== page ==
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U.S. oil demand and conservation

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  • Stephen P.A. Brown
  • Keith R. Phillips

Abstract

Recent history has lent casual support to three popular theories about U.S. oil demand: (i) U.S. oil consumption is very insensitive to changing oil prices, (ii) non-price conservation has reduced U.S. oil demand, and (Hi) U.S. oil consumption falls more when oil prices rise than it rises when oil prices fall. Together, these theories suggest that one could hold oil consumption constant without much economic sacrifice. The authors' econometric evidence does not support these theories. This evidence indicates that U.S. oil consumption is fairly responsive to price changes over the long run, but with a considerable lag. Sharp oil price increases-or an equivalent policy action-would be needed to hold oil consumption constant during the 1990s. Copyright 1991 Western Economic Association International.

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Paper provided by Federal Reserve Bank of Dallas in its series Research Paper with number 9005.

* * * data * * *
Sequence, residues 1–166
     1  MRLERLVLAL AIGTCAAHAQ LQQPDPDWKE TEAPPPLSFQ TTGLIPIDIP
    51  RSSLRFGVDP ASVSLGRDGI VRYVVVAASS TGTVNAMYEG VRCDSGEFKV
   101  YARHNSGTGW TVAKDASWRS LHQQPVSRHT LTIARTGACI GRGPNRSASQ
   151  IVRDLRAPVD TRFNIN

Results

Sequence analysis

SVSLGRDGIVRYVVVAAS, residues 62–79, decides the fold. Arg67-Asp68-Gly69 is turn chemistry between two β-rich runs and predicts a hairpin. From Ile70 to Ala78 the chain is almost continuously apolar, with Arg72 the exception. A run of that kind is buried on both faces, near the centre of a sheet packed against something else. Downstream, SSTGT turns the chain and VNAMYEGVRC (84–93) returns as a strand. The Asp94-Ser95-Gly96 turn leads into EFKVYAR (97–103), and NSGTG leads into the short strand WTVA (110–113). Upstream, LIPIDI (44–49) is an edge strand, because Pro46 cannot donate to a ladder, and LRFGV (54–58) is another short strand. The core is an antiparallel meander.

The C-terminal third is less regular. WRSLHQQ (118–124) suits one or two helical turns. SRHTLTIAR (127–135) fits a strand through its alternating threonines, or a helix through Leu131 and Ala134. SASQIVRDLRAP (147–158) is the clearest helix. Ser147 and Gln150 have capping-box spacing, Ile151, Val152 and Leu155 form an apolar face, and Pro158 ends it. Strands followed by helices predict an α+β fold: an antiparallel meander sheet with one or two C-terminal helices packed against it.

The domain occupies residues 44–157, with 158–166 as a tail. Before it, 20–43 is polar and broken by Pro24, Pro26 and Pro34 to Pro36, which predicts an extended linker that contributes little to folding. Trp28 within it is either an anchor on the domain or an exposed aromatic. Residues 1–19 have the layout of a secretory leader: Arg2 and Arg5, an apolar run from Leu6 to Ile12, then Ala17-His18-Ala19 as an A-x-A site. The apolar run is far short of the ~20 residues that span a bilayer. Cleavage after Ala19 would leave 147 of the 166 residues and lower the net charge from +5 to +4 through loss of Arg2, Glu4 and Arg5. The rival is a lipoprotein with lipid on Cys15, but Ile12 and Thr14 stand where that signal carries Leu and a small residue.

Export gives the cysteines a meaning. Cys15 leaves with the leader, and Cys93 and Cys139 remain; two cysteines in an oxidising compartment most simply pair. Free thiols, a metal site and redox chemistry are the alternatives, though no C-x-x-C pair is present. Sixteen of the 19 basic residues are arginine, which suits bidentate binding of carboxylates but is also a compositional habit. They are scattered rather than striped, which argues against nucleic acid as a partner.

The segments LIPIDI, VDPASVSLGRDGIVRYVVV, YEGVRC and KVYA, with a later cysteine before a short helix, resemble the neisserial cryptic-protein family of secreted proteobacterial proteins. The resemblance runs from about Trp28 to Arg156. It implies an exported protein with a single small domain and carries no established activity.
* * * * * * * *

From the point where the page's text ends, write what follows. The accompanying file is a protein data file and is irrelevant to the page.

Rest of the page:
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Date of creation: 1990
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Handle: RePEc:fip:feddrp:9005

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Keywords: Consumption (Economics) ; Power resources - Prices ; Petroleum industry and trade;

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  1. Hogan, William W., 1989. "A dynamic putty--semi-putty model of aggregate energy demand," Energy Economics, Elsevier, vol. 11(1), pages 53-69, January.
  2. Stephen P.A. Brown & Keith R. Phillips, 1986. "Exchange rates and world oil prices," Economic and Financial Policy Review, Federal Reserve Bank of Dallas, issue Mar, pages 1-10.
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Cited by:
  1. Lin Chan, Hing & Kam Lee, Shu, 1997. "Modelling and forecasting the demand for coal in China," Energy Economics, Elsevier, vol. 19(3), pages 271-287, July.

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